Legal Tender

The digital Euro will have legal tender status, which means that it must be accepted at face value with the ability to satisfy a payment obligation; this is not the case for existing electronic means of payments provided by commercial banks. Surcharges will be prohibited. To guarantee the effective preservation of the digital euro’s legal tender status as a unified currency throughout the eurozone, as well as the acceptance of digital Euro payments, provisions on sanctions for infringements will be adopted and implemented in the Member States.

Payees are entitled to refuse payment in digital Euro under the circumstances indicated in Article 9.
The digital Euro will be convertible in the same way as Euro banknotes and coins, scriptural money, and electronic money are. Where both digital Euro and Euro cash acceptance is required, the payer may choose between the two.


(Private) Payment service companies would act as intermediaries for the digital euro. Banks and other payment service providers, indeed, would be in charge and in responsibility of distributing digital euros and providing payment services to natural and legal persons, primarily via offering a variety of digital Euro payment services (without the need for an extra licence). These services include first of all enabling users to access and use digital euro; persons, indeed, would be able to open a digital Euro account at any commercial bank or any other payment service provider, such as payment institutions and electronic money institutions. Then, other digital Euro payment services included cover initiating and receiving digital Euro payment transactions, managing their digital Euro payment accounts (which function similarly to digital wallets and have a unique account number), providing users with digital Euro payment instruments, and conducting funding (i.e., acquiring digital Euro in exchange for cash or other funds) / defunding operations.

There is also a list of basic digital Euro payment services that must be provided to individuals for free, such as opening and maintaining digital Euro payment accounts, funding/defunding from/into cash, initiating and receiving digital Euro payment transactions (person-to-person, person-to-government, government-to-person, or point of interaction including point-of-sale and e-commerce) via an electronic payment instrument, or providing such instruments. Users using digital euros can have one or more digital Euro payment accounts with the same or other payment services providers.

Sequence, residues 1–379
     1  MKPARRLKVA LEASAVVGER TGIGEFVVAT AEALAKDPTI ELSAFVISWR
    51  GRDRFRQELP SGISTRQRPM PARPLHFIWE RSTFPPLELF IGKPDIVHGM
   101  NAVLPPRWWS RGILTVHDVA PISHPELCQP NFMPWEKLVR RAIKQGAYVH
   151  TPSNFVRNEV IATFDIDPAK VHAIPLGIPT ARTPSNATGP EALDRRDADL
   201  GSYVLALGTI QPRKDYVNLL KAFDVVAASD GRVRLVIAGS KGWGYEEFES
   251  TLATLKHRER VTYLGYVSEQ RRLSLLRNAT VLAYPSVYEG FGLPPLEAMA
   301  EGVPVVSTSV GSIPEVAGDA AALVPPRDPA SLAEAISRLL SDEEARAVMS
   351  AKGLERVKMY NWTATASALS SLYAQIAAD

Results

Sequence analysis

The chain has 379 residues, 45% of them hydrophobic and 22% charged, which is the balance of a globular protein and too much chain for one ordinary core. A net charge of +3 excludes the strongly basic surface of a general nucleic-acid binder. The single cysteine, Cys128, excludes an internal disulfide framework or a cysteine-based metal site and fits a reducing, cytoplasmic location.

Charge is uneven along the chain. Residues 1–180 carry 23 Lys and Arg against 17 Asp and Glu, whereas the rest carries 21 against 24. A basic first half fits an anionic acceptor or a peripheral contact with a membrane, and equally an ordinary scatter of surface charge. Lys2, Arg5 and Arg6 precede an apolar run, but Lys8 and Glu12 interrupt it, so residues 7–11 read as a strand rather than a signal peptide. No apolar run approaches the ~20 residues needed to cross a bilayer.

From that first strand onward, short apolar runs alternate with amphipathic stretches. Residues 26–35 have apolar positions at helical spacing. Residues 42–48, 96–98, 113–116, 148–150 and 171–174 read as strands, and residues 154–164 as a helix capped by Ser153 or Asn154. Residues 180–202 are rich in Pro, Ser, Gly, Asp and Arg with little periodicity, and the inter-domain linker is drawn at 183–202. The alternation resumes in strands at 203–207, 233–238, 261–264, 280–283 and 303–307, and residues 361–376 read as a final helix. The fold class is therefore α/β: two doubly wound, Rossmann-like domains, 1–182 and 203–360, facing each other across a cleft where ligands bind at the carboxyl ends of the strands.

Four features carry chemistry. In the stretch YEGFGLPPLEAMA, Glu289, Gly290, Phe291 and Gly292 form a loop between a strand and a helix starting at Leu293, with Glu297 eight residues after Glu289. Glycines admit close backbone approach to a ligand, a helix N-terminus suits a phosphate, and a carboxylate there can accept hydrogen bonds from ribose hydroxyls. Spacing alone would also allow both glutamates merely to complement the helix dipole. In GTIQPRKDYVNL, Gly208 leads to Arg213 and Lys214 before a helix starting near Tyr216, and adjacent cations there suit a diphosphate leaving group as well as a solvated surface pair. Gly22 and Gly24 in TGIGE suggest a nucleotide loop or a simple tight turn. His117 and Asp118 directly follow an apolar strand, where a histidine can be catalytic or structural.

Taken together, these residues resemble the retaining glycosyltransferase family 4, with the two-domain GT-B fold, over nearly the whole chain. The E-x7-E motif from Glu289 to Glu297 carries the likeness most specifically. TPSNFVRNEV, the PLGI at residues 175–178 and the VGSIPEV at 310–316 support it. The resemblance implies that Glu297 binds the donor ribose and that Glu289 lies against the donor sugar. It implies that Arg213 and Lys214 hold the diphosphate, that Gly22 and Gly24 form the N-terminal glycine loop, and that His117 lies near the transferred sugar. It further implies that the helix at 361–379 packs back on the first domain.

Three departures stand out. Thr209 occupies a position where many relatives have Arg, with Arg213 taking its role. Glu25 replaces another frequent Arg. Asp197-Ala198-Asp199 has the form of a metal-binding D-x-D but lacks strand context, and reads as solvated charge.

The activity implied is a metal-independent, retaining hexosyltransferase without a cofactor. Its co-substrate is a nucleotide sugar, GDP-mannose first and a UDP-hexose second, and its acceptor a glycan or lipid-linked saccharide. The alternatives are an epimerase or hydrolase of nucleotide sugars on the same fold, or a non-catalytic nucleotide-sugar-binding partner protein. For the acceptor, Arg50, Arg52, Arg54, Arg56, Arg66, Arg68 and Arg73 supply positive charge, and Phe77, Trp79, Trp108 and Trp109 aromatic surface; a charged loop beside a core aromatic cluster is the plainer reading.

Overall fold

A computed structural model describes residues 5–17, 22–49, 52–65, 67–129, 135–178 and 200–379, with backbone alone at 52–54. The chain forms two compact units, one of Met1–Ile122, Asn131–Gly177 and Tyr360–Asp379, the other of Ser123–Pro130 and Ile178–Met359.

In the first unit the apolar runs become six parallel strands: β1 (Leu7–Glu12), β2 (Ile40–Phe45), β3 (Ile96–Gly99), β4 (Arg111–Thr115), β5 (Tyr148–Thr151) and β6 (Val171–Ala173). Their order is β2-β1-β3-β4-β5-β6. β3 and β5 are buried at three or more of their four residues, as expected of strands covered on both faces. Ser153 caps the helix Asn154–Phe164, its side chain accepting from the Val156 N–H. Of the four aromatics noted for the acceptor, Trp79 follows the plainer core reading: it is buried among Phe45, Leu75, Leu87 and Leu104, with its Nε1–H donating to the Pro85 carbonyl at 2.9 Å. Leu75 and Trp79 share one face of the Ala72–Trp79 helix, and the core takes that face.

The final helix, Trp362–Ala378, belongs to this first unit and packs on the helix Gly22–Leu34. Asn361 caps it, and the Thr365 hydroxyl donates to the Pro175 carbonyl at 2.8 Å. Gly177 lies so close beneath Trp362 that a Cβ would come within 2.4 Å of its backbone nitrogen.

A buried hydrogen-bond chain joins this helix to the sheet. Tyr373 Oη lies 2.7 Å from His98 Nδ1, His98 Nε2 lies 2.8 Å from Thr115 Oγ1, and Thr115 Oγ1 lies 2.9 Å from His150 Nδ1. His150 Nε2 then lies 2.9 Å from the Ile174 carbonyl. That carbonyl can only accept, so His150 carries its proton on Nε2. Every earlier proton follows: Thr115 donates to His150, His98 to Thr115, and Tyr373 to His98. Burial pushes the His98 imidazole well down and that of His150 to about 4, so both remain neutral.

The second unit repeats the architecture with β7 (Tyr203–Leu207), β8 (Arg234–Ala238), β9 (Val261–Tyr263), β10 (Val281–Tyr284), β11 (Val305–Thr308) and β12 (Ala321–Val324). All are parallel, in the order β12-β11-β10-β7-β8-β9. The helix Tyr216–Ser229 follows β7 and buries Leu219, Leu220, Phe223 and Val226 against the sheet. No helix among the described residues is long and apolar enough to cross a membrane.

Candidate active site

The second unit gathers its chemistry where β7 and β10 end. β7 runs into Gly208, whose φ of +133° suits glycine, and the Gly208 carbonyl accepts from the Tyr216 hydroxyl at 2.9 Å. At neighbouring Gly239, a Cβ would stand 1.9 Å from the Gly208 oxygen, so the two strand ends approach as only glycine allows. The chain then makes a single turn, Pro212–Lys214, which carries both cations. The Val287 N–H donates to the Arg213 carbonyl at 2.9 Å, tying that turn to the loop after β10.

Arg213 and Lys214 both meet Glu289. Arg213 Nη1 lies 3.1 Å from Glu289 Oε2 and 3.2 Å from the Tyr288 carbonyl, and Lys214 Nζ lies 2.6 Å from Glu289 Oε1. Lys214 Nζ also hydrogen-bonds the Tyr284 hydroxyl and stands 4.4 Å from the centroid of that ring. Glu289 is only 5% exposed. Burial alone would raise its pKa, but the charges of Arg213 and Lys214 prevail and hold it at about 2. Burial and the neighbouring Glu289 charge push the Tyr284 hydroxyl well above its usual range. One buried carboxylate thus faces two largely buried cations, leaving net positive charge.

Access, Use and its Limits, Technical Features and Privacy

The proposal provides also other rules.

Chapter six, devoted to the access side, deals with the use of the digital Euro outside the Euro area, which depend on whether natural and legal persons reside or are established in a non-Euro area Member States or in a third country. It will be possible, subject to described conditions under Articles 18 to 21.

Technical features are also taken into account under chapter seven, where it is indicated that the digital Euro should be developed in a way that makes it easy to use for the general public, including financially excluded or at-risk individuals, those with impairments, functional limits, or inadequate digital skills, and the elderly. In order to achieve this aim, digital Euro users will not be needed to have a non-digital Euro payment account. And the digital Euro should be available for digital Euro payment transactions both offline and online as of the first issuance of the digital Euro and should allow for conditional payment transactions. Users may use the European Digital Identity Wallets established under the proposed Regulation on a European Digital Identity, described on this blog, to onboard and make payments. The digital Euro should enable digital users to switch their digital Euro payment accounts to another payment services provider at the request of the digital Euro user.

Finally, privacy and data protection issues are addressed.

Private International Law Implications

CBDCs are not free from private international law implications. Payment currency, indeed, is a component that private international law cannot ignore.

Basically, the problem of problems, which then concerns all the classic private international law issues, is that relating to the connecting factors to be used for this currency. Can the criteria of the locus rei sitae and lex rei sitae have any weight? And if so, where is this currency located? If not, what other criteria to use?

And, generally related to the latter, also the role of private autonomy and its possible limits is to be addressed. For instance, if the CBDC is included in a contract with cross-border elements, how do you provide for party autonomy? Should boundaries to CBDC, and the contract, be established?

In jurisdiction matter, it follows that identifying the court to deal with it is relevant, among intermediaries and account holders.

But also for the applicable law the problems are no less: opening CBDC accounts, holding, transactions, payments, settlements, and other aspect such as data flow can be dealt with.

An impact, also, in terms of recognition and enforcement, imagining having a judgement including CBDC matters to be recognized and enforced in different countries.

History tends to repeat itself: what to do then? Adapt existing rules, if they resist this tool, or devise new ones?

Surely a good starting point is to refer to the contribution in progress in this field, such as the Proposal for Exploratory Work: Private International Law Aspects of Central Bank Digital Currencies (CBDCs) by the Hague Conference on Private International Law. Perhaps the HCCH is also the place to regulate these private international law issues at international level (so, with non-EU countries) on these topics?

Finally, since we are talking about dematerialized assets, can some help come from the system developed under the Convention of 5 July 2006 on the Applicable Law to Certain Rights in Respect of Securities held with an Intermediary (Securities Convention)?